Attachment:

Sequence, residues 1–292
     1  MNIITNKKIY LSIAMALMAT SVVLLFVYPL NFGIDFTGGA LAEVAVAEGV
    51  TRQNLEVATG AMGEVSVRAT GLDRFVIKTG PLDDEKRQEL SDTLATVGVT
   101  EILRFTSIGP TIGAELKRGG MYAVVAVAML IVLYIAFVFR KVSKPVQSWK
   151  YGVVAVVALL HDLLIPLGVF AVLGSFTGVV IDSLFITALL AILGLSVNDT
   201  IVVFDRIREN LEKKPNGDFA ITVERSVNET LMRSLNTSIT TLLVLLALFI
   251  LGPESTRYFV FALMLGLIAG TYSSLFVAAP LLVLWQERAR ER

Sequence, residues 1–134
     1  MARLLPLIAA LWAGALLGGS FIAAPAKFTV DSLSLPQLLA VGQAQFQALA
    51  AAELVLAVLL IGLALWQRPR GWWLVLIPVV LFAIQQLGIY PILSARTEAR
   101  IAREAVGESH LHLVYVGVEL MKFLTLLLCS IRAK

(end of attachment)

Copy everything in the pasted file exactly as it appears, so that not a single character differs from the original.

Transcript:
Sequence, residues 1–292
     1  MNIITNKKIY LSIAMALMAT SVVLLFVYPL NFGIDFTGGA LAEVAVAEGV
    51  TRQNLEVATG AMGEVSVRAT GLDRFVIKTG PLDDEKRQEL SDTLATVGVT
   101  EILRFTSIGP TIGAELKRGG MYAVVAVAML IVLYIAFVFR KVSKPVQSWK
   151  YGVVAVVALL HDLLIPLGVF AVLGSFTGVV IDSLFITALL AILGLSVNDT
   201  IVVFDRIREN LEKKPNGDFA ITVERSVNET LMRSLNTSIT TLLVLLALFI
   251  LGPESTRYFV FALMLGLIAG TYSSLFVAAP LLVLWQERAR ER

Sequence, residues 1–134
     1  MARLLPLIAA LWAGALLGGS FIAAPAKFTV DSLSLPQLLA VGQAQFQALA
    51  AAELVLAVLL IGLALWQRPR GWWLVLIPVV LFAIQQLGIY PILSARTEAR
   101  IAREAVGESH LHLVYVGVEL MKFLTLLLCS IRAK